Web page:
Archives for Table Mountain fauna & flora

Hiking Table Mountain for more than just views – 24 January 2018

It’s a fact that most people expect stunning views when hiking Table Mountain. And when the mountain is free of cloud, the views certainly do not disappoint. But on days when there’s no views due to cloud, it’s a good idea to focus on the nature and the adventure that Table Mountain offers. Table Mountain’s location next to a city belies its wildness. Many Table
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It’s a jungle out there: hiking Table Mountain’s lush eastern slopes – 28 February 2015

Table Mountain’s typical shrubby vegetation and bare rock faces does not hint at its lush eastern and southern sides. Afro-montane forest carpets the lower slopes on those sides, extending up ravines. ‘Forest’ is misleading, as it resembles equatorial jungle, complete with vines trailing down from the canopy, branches draped with beard-like lichen and boulders covered in moss. Several Table Mountain hikes offer jungle settings at
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It's a jungle out there: hiking Table Mountain's lush eastern slopes – 28 February 2015

Table Mountain’s typical shrubby vegetation and bare rock faces does not hint at its lush eastern and southern sides. Afro-montane forest carpets the lower slopes on those sides, extending up ravines. ‘Forest’ is misleading, as it resembles equatorial jungle, complete with vines trailing down from the canopy, branches draped with beard-like lichen and boulders covered in moss. Several Table Mountain hikes offer jungle settings at
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Table Mountain hiking: In search of elusive orchids – 17 February 2014

When it comes to floral delights on a Table Mountain hike, one of the finest must surely be an orchid in bloom. The month of February sees no less than three species on display: the Cluster Disa (Disa ferruginea), the Blue Disa (Disa graminifolia) and the Red Disa (Disa Uniflora), also known as the Pride of Table Mountain. On days when the mountain is covered
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Photo of the week – September week #2: Wildlife sightings when hiking Table Mountain

Much as hiking Table Mountain takes you into pristine nature, it serves up little in the way of wildlife i.e. big game. The reason for this is two-fold: the longtime presence of Europeans and the vegetation type. The decline of large game at the Cape started with the arrival of Dutch settlers in 1652, who hunted antelop as a source of fresh meat, trapping and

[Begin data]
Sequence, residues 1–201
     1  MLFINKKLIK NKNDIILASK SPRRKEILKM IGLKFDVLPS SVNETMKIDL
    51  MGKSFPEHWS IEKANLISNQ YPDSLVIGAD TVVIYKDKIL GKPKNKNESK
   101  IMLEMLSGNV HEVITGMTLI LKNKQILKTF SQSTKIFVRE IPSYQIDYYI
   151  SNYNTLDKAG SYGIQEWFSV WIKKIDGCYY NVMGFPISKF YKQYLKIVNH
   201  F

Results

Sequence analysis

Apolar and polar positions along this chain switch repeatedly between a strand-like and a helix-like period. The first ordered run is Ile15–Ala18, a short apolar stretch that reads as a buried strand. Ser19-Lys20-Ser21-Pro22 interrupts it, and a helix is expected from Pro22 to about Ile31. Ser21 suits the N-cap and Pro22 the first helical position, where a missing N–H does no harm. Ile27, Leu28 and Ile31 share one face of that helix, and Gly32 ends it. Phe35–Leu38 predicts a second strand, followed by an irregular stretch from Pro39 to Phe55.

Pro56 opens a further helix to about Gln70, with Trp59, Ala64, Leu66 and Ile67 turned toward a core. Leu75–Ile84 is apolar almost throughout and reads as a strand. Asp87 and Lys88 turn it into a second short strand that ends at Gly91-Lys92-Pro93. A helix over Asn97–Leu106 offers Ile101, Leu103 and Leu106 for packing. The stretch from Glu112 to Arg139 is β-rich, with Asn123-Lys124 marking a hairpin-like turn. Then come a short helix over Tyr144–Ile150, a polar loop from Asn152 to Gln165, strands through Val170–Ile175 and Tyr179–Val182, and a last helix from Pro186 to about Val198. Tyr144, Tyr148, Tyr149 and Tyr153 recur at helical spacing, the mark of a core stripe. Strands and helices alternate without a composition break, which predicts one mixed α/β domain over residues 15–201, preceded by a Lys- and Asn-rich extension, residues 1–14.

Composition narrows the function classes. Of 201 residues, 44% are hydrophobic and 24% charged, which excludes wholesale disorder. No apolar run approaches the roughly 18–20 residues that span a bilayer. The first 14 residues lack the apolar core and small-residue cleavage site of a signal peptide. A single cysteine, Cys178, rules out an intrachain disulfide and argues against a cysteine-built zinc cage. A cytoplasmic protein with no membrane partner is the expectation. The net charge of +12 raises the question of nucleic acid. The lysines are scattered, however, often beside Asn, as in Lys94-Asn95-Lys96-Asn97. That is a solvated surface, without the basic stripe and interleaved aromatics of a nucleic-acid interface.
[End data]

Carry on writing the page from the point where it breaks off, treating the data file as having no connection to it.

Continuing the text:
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Photo of the week – July week #4: Table Mountain forests

Table Mountain hiking is not only varied in terms of terrain and views, but also vegetation. While most of the mountain is covered in low shrub, indigenous forest can be found on the lower southern and eastern slopes of  the mountain, and extending up the ravines on those slopes. Known as Afro-montane forest, this forest type is reminiscent of tropical jungle. If you enjoy jungle
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Photo of the week – February week #2: Table Mountain Red Disa

  One of the rare delights of hiking Table Mountain in February is the sight of Red Disas (Disa uniflora) along certain streams. Also known as the Pride of Table Mountain, it ranks as the most striking of the 70-odd Disa species found on the Cape Peninsula. It loves damp, semi-shaded riverbanks in the mist belt of Table Mountain, above 500m. Its peak flowering time
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Photo of the week – January week #2: Table Mountain water

 – View across the Hely-Hutchinson reservoir towards Cleft Peak – First-time hikers on Table Mountain often turn up their noses at the sight of the mountain’s amber-colored water, thinking it to be stagnant or contaminated. They couldn’t be further from the truth. Table Mountain’s water is basically fynbos-infused rainwater (fynbos being the indigenous shrub of the Western Cape). The mountain’s upper and lower plateau serves
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Quote of the week – January week #1:Table Mountain from different angles

“To see things from a new physical angle is sometimes to see them from a new spiritual angle. You can see disas and red crassula at Kirstenbosch, but perhaps you have not really seen them until, resting on some tiny ledge, you have seen them flaring from the sheer grey rocks.”  – Extract from C. A. Luckhoff’s book, Table Mountain – You don’t exactly have to go
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Photo of the week – December week #3: Puff adders

  Off the 22 species of snake found on Table Mountain and the Cape Peninsula, the puff adder is commonly regarded as the most dangerous, though not the most venomous. Hikers’ talk of snakes invariably includes hair-raising tales of encounters with puff adders; and climbers on Table Mountain all know about the cases of some hapless climber pulling up on a ledge to find him-
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